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Re: [tools-pmc] [objectteams-dev] Requesting exception for patch feature shipped by Object Teams


Comments below.

Stephan Herrmann wrote:
Hi, me again,

As comments on bug 330312 mostly converge on strict rules,
I must renew my request. Some of yesterday's comments
mean BIG PANIC for the Object Teams project. For that reason
it is difficult for me to keep emotions out off this, but I'll try.
Yesterday I thought you were premature about asking for an exception, but as the comments continue to come in, I can certainly understand that you have cause for concern. It's interesting that you raised this issue months ago without a peep from anyone...
Some comments say that some gurus should help the Object
Teams project to find a better architecture that achieves the
same without doing bad things. Please understand that after
more than 7 years of intensively studying the alternatives and
engineering a solution that finally is well maintainable, I am not
very confident that anybody will just wipe away the conflict after
glancing at the issue for a little while. Do you have any suggestions how this idea could be made real?
Of course outsiders always tend to think there are simple solutions to complex problems. It always feels a little insulting, but one must accept that it takes everyone a while to fully appreciate the details...
Some comments say, that the rules should not only be applied
to the release train but to any release. This raises the question
whether being at Eclipse is actually a viable option for the Object
Teams project. Until yesterday I thought we're overdue for
graduation, today we're nowhere.
I see your emotions are trickling through. It's ironic that emotions make people so uncomfortable when ultimately they're the force that drives us all. I suppose we're way more comfortable with the illusion of rationality...
David said, the fact that the JDT is open-source does not mean it's OK to fork that code, because this may have bad impact on the JDT and the community. So let's weigh the alternatives: (a) the fork happens within the community and we all join forces for minimizing any risks involved. Or: (b) the fork is forced to move away from and both
      sides just mind their own business.
What's the effect on collaboration?
What's the message sent to the public? As Jeff mentioned on the bug, part of this is about enabling
innovation (thanks Jeff).
I can imagine folks trying to fork EMF. I'm sure there'd be an emotional reaction on my part. I'd want to work closely with folks to avoid that. Though in the end, things like EMF for GWT and to a far lesser extend EMF for RAP really do end up forking the code...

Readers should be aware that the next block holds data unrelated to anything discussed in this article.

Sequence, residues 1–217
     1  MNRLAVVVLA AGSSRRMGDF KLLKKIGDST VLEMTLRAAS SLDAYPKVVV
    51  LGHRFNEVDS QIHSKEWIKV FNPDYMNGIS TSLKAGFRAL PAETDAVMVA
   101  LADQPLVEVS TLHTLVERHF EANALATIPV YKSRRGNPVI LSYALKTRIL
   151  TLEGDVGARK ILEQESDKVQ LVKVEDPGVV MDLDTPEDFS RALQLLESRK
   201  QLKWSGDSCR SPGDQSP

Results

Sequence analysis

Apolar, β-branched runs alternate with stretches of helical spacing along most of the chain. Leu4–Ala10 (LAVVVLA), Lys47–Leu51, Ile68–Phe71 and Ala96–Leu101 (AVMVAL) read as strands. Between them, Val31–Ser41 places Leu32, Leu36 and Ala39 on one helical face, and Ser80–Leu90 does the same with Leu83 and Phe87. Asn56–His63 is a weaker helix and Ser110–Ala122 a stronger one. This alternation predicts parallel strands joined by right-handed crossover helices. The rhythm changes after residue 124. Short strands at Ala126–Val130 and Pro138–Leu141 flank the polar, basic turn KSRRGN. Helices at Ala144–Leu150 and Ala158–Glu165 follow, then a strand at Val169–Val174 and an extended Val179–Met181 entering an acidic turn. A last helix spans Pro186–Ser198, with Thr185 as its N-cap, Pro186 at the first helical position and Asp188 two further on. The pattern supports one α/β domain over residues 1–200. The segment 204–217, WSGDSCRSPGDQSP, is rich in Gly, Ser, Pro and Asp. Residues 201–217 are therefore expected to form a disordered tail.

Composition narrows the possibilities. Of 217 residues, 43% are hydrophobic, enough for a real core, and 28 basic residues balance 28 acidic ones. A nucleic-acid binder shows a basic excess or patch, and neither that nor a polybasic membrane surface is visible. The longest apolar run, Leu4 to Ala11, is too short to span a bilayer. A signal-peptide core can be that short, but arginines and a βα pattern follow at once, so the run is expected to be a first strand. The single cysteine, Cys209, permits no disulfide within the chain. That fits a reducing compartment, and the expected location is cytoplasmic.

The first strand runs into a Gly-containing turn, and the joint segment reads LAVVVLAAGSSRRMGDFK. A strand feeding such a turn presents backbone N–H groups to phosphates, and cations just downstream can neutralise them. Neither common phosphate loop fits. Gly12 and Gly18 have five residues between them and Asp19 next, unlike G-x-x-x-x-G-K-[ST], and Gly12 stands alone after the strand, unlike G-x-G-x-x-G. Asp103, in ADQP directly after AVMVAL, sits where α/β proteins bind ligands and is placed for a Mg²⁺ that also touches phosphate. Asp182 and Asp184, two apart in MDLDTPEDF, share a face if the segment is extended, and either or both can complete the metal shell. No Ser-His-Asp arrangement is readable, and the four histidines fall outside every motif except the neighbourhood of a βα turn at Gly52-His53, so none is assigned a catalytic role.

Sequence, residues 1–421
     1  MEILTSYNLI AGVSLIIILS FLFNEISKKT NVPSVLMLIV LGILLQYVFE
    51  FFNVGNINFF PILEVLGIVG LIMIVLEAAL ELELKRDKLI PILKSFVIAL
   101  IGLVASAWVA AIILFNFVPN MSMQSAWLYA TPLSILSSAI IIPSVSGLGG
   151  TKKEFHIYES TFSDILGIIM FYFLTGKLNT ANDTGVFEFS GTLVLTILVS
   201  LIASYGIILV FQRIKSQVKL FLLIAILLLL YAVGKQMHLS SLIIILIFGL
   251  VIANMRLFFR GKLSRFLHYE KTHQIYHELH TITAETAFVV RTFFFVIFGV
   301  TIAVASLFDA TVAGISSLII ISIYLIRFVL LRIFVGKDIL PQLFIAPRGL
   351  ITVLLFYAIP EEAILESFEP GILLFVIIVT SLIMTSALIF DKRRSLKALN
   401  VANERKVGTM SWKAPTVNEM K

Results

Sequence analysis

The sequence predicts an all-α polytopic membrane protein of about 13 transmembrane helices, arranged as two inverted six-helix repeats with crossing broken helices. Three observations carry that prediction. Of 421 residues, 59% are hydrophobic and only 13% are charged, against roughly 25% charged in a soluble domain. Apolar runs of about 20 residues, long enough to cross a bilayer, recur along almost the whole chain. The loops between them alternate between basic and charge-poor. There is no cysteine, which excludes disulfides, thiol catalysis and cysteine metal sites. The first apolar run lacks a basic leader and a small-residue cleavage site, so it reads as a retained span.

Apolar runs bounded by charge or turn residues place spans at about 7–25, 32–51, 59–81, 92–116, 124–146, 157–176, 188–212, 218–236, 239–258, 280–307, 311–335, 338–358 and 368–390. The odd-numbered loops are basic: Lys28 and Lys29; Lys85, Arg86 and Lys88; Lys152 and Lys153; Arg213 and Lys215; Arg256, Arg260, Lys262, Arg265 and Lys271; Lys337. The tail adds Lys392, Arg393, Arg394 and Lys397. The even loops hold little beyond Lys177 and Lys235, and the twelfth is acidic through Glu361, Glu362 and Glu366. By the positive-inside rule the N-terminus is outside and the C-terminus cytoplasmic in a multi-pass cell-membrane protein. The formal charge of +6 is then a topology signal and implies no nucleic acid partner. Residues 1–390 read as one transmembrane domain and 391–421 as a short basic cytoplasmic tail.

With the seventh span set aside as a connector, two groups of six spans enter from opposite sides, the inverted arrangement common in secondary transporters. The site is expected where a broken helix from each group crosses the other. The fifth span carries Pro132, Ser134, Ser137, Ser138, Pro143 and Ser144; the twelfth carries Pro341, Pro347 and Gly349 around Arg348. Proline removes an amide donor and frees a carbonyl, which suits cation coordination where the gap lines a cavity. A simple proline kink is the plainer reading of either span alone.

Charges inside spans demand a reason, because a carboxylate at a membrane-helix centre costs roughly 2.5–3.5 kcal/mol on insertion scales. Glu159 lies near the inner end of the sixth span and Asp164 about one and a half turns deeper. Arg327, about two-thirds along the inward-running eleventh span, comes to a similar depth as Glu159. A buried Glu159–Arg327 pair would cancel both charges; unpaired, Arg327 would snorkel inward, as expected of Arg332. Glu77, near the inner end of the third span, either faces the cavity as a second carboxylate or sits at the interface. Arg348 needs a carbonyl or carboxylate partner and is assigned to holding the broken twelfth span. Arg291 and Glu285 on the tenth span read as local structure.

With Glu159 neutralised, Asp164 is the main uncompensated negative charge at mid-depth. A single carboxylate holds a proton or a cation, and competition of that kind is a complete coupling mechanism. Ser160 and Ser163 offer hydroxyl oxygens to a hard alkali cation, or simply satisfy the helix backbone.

In this one question I'd like to generalize (following my point
in ):
To some degree the Object Teams project represents a significant
part of the software engineering research of the past decade:
Advances in programming language design based on Java.
There are *countless* languages in this field, *many* of which would
deserve a JDT-qualitity IDE. Where are they? Will any be attracted
to Eclipse if a pioneer is forced to withdraw? (Yes, I know there is
one brave exception: AspectJ, which had the luck of support by IBM).
What's the message Eclipse sends to academia?
It's a bad message. We should try to resolve all problems. Failing that we should agree to disagree, when necessary, and then mitigate any damage that might cause.
Regarding the risks I can only invite you to specifically discuss
the situation of Object Teams and the JDT/Core. I insist in saying
that things look different if you put aside global principles and
really look at the specifics (after all this is a request for an
I agree. Rules are great as a general guide, but the devil is in the details and reason must prevail in each specific situation.
Please let's define a controlled experiment, in which the damage
incurred (if any) and the benefits produced will be evaluated so that we all learn together and maybe draft a map of some uncharted
I'm sure if we all avoid digging in our heels, we can arrive at something that balances the benefits and the risks...
Lot's more to say but I'll shut up for now.
may I hope for some courage?
Hope is always the last thing to die. In the end, things like the success of the release train depend more on good will and cooperation than on rigid rules and strict enforcement. That latter generally don't produce the former...

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